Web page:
If We Interpreted Joseph's Story the Way Some Treat Victims...

Sandra Glahn's picture

Now Joseph had been taken down to Egypt. And a man high in the government purchased him and brought Joseph to his large estate. And Joseph lived in the house of his boss. There Joseph found favor in the boss’s eyes and became his attendant. The boss put him in charge of his household, and he entrusted to Joseph’s care everything he owned. From the time the boss put Joseph in charge of his household and of all that he owned, everything—in and outside of the house—prospered because of Joseph. So the boss promoted Joseph; everything except what the boss ate was entrusted to Joseph’s care.  

Now Joseph was studly, and he could have dressed more conservatively and not shown off his muscles so much. And sure enough, after a while the boss’s wife was tempted by him. She couldn’t help herself. “Girls will be girls,” especially if someone is constantly showing off his abs. So she told Joseph, “Come to bed with me!”

But he refused. He told her, “Your husband has entrusted to my care everything he owns. No one is greater in this house than I am. My master has withheld nothing from me except you, because you are his wife.”

“See?” she said. “You even know you’re awesome. Flaunting it a bit, aren’t you?” She winked.

A variation on this conversation repeated itself daily, because Joseph did not keep his distance from her and he certainly did not report her as he should have. (So he was kind of “asking for it.”)

One day after Joseph had tasted the boss’s wine to make sure it was of high quality, he went inside the house to fix a window. Of course, he should have waited till others were present rather than being alone with a woman. (Plus, he’d been drinking—seriously asking for it.) Additionally, he should have worn less seductive clothing. Because his clothing came right off his body and into her hand. But did he cry out? No. Did he report it? No.  

When she saw that he had left his cloak in her hand and had run out of the house, she called her household staff. “Look,” she said to them. “He tried to sexually assault me. His clothes were not even securely fashioned. He even stripped in the house!” Plus, she pointed out that she had no scratches on her body—which she would surely have if she had been the aggressor.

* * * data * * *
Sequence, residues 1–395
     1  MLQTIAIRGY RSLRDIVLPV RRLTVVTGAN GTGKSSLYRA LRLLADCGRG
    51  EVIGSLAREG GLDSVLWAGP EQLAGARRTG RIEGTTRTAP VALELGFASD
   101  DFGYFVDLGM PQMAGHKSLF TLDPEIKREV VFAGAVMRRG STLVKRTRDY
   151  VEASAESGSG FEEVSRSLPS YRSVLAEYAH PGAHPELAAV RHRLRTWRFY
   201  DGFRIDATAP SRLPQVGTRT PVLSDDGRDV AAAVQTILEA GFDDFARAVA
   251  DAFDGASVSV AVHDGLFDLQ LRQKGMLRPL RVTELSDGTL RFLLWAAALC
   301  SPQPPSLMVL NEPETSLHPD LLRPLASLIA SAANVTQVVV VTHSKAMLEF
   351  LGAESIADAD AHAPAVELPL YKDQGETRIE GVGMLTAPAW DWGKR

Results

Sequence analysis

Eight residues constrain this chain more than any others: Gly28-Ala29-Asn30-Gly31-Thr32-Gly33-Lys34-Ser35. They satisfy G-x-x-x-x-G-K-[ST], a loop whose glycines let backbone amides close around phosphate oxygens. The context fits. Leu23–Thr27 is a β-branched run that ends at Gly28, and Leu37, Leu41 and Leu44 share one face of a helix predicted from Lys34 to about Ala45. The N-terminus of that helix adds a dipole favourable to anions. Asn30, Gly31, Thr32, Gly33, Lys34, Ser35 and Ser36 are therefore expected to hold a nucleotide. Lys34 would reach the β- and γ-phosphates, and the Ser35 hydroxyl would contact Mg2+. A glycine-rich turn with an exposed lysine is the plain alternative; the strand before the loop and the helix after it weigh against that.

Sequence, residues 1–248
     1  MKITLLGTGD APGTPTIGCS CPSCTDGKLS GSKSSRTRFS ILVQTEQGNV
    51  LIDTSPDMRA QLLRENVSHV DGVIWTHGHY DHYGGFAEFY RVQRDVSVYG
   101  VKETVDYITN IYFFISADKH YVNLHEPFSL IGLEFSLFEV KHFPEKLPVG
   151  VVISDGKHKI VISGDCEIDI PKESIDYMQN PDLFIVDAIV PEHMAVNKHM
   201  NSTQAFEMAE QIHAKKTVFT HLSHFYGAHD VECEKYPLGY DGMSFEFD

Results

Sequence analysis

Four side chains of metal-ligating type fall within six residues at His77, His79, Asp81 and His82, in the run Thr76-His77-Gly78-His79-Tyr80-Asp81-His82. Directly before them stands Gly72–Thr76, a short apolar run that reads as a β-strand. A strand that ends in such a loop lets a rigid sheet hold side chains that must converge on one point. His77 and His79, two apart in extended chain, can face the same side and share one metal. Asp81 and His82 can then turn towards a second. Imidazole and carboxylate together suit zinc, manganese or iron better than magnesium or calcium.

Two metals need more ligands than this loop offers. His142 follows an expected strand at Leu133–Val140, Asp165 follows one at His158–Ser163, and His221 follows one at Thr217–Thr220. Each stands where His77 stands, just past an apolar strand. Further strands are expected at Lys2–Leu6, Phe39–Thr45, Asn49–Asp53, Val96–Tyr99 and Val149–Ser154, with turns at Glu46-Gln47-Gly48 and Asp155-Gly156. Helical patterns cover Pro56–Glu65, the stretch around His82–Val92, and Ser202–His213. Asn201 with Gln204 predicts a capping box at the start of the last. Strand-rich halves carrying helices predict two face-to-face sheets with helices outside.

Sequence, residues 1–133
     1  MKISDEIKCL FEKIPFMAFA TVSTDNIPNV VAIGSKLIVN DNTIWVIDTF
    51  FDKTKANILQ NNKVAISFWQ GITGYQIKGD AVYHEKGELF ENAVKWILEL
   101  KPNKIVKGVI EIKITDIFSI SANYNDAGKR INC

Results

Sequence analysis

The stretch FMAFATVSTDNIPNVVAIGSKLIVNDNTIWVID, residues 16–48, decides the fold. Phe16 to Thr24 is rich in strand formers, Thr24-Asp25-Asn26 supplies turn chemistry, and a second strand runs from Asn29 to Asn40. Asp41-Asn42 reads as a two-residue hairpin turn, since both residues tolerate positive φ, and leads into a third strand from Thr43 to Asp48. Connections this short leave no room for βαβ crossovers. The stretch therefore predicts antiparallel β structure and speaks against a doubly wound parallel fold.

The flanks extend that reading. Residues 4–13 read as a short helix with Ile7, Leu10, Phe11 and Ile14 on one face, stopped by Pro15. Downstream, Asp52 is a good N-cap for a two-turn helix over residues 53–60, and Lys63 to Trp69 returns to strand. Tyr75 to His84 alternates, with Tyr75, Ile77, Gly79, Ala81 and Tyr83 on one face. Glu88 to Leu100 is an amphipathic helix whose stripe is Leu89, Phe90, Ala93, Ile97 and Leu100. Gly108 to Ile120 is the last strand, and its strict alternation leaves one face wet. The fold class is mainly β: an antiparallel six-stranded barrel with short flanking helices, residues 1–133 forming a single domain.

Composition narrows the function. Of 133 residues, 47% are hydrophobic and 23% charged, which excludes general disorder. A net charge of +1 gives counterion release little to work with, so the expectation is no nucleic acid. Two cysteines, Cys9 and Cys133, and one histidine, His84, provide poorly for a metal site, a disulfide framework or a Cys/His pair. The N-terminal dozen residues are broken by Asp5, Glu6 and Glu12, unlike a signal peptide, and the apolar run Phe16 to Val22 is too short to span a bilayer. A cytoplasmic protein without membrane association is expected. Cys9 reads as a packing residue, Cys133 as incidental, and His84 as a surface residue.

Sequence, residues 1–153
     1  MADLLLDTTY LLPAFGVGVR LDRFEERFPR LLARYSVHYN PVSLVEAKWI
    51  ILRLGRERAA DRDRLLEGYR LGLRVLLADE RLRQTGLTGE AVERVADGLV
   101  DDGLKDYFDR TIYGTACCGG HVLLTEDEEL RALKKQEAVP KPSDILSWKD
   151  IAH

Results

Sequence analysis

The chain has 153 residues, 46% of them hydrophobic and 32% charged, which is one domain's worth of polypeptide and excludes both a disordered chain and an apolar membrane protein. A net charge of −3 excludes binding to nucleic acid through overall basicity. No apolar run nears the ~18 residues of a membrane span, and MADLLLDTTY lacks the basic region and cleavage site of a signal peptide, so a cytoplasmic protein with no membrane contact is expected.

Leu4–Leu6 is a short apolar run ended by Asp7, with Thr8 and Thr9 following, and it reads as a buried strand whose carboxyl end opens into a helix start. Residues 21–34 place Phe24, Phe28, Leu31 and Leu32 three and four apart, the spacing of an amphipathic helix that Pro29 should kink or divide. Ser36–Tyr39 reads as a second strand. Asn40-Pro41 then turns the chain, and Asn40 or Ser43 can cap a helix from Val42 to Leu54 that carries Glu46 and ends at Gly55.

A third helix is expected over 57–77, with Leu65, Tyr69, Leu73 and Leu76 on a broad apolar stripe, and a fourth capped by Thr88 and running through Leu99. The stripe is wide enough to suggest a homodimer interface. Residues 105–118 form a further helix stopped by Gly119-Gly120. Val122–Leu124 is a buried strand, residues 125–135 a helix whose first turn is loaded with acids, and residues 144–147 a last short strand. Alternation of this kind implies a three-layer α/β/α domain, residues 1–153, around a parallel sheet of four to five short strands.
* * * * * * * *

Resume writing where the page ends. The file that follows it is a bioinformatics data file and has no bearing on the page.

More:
When she told her husband her story, he burned with anger. And he pressed charges against Joseph. When Joseph tried to tell his side, the prosecuting attorney asked what time he got to work. He couldn’t remember exactly—because it was cloudy and the sundial wasn’t working. The attorney asked what workers were near the house that day. Joseph could not name one—because, it was argued, he waited to attack till the coast was clear. Nor could he name one person he had told that she repeatedly propositioned him. And he could not produce one witness who had ever seen her do so. Obviously, there were big holes in his testimony. Which meant Joseph went to jail—which was sad, but some of that was his own fault for exercising such poor judgment.  

Some years later when he was trying to rebuilt his life, someone came forward who had heard Joseph resist the boss’s wife a few times. But the court said anyone who waited so long must be making it up. So that person's testimony was discredited.

And public opinion on this new development was that even if the boss's wife had actually been lying and Joseph was telling the truth, those events happened a long time ago. And people deserved second chances. And Joseph should just move on. And whether she did wrong by him was not actually even relevant to her positions on the city council and as a pillar of the church. Joseph just needed to forgive. Show grace. Let it go.  

                                                

Blog Category: